Can CPAP Therapy Help Diabetics?

can CPAP therapy help with diabetes?

One of the main reasons CPAP therapy is considered a “gold standard” in treating sleep apnea is its additional health benefits. It is not only at least as effective as surgery and oral devices, but it has also been shown to reduce blood pressure and improve one’s mental health.

And now, if new studies are to be believed, there is also evidence that CPAP therapy can help diabetics manage their diabetes more efficiently. Or, to be more precise, it can slow the progression of diabetes before it ever takes hold.

Sleep Apnea & Diabetes

The link between obstructive sleep apnea (OSA) and physical health, especially metabolic health, has been long established. Untreated sleep apnea leads to sleep deprivation, which triggers the sympathetic nervous system’s “fight or flight” mechanism and overwhelms the circulatory and endocrine systems.

In addition to the toll it takes on cardiovascular health (i.e. increased risk for heart attacks), these side effects also put OSA patients at higher risk of developing Type 2 diabetes. Type 2 diabetes is characterized by resistance to insulin, which is needed to convert sugar into usable energy.

A 2007 study at Yale University concluded that OSA sufferers are indeed at risk of developing type 2 diabetes, and this risk is independent of other factors such as lifestyle. Observing 593 patients with sleep disordered breathing, they deemed the risk of developing diabetes to be over 21x the risk in people without sleep apnea. Higher severity (i.e. as measured by AHI, etc.) also correlated with an even greater risk.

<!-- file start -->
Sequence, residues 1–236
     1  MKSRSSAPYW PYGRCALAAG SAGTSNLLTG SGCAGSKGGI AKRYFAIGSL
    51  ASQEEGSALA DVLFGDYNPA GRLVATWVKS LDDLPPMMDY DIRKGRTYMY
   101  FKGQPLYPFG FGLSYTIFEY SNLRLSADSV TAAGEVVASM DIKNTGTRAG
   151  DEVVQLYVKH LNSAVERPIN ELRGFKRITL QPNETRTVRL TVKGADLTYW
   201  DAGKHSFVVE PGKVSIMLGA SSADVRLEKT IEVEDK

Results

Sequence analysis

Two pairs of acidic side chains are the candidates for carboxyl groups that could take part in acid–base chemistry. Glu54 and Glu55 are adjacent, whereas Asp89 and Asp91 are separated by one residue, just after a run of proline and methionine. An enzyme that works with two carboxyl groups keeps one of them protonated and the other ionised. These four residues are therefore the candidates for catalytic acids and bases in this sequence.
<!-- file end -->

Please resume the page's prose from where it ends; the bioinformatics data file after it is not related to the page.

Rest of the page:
Can CPAP Therapy Help?

Despite the association between diabetes and sleep apnea, the effect of CPAP therapy on diabetes management has remained relatively unscrutinized until recently. However, in volume 192, issue 1 of the American Journal of Respiratory and Critical Care Medicine, this is precisely the relation that was studied.

Researchers observed 39 overweight and/or middle-aged participants in a randomized experiment that subjected them to either CPAP therapy or a placebo for 8 hours/night over the course of two weeks. Nightly supervision ensured these participants’ compliance with their treatments, and after the experiment their glucose metabolisms were measured.

The presence of glucose in a diabetic’s blood plasma indicates the quality of their health (higher glucose levels is prevalent in untreated diabetes). Compared with the placebo treatment, CPAP therapy was found to:

  • Reduce glucose response
  • Improve insulin sensitivity (i.e. reduce insulin resistance)

In addition, the study observed correlations between CPAP treatment and reductions in blood pressure and norepinephrine.


It is important to note that the participants in this study were prediabetic. This means they had begun to exhibit symptoms of diabetes, namely abnormally high blood glucose levels. Nevertheless, they had not been diagnosed with type 2 diabetes.

Thus, CPAP therapy’s direct affect on diabetes is inconclusive. However, it is more conclusive that CPAP therapy can, in fact, slow or even halt the progression of diabetes before it becomes problematic.

In conclusion, it is recommended that patients with high risk for developing diabetes (especially type 2) should also be assessed for sleep apnea (and vice versa). Diabetes still remains — and will likely remain for a long time —a serious public health problem. Yet, the rate of developing diabetes can likely be reduced among the population if they are effectively diagnosed and treated for sleep apnea.

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